What is the Most Popular Music Genre?

You might be surprised to see that it is not "Pop".

What is the Most Popular Music Genre?
Photo by Nick Fewings / Unsplash

We all have our own distinct music tastes. Those tastes evolve and change over time. So too does humanity's taste in music change over time.

Genre Releases Over Time*

Let's see an overview of how our music tastes have changed over the years by looking at the number of releases for each genre in each year.

I'll be honest, I expected Pop to be on top the entire time (I mean Pop does stand for "Popular" right?). It was interesting, for me, to see Rock take over in the late 70's.  

We also see Electronic jump on the scene around the same time, but it doesn't really take off until the late 80's and early 90's.  Electronic music took over the top spot in 1992 and it still wears the crown today, though it was shortly overthrown by Rock again in 2014 & 2015.

Conclusion

I'm not yet going to be bold enough to say that Electronic and Rock are the most consumed music genres today, but they are the most produced music genres.

I don't think it would be a stretch to assume that they are in the top genres consumed as well. Artists wouldn't produce it if they and others didn't enjoy listening to it, right? Either way, music genre consumption sounds like a good topic for a later post.

Contact Festival | Marshmello | BC Place, Vancouver, Canada | 2017
Photo by Aditya Chinchure / Unsplash

What Are Your Thoughts?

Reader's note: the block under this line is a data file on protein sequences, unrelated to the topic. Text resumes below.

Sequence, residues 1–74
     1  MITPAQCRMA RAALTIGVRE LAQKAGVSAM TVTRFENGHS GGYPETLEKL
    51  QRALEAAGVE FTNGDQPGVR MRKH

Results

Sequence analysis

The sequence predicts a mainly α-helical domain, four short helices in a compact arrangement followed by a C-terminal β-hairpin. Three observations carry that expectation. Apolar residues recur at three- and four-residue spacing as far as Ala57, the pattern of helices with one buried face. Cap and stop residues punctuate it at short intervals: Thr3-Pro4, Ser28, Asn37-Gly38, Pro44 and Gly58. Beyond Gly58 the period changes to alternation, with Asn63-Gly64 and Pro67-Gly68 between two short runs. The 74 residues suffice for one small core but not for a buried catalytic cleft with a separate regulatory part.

• Why do you think Rock took over in the late 70's and Electronic took over in the early 90's? My instinct tells me that the rise of Electronic music production probably correlates to the rise in popularity of the personal computer.
  • Are there any particular artists that you think are responsible for pushing the popularity of the Rock and Electronic genres?

Let us know on our facebook page or shoot me an email at sovine@therecordindustry.io.


* Data from Discogs database as of October 1, 2021. For this experiment we are looking at Master releases.

Understanding the Data

We used a different data source in this experiment than what we have used in previous posts. For this experiment we used the Discogs database as our source of data.

The reason for using Discogs is the completeness and standardization of their genre information compared to Musicbrainz. We found that only ~12% of releases in the Musicbrainz database were tagged with additional information (e.g. genre) and these tags were very inconsistent.

From Discogs, we used the Master releases which the Discogs website defines as:

16.1. Master release is a display function that gathers two or more matching releases together. It can be thought of as a folder that holds two or more Discogs releases. An example would be gathering several versions of an album, such as Michael Jackson - Off The Wall. Master release does not change the data of the contained releases.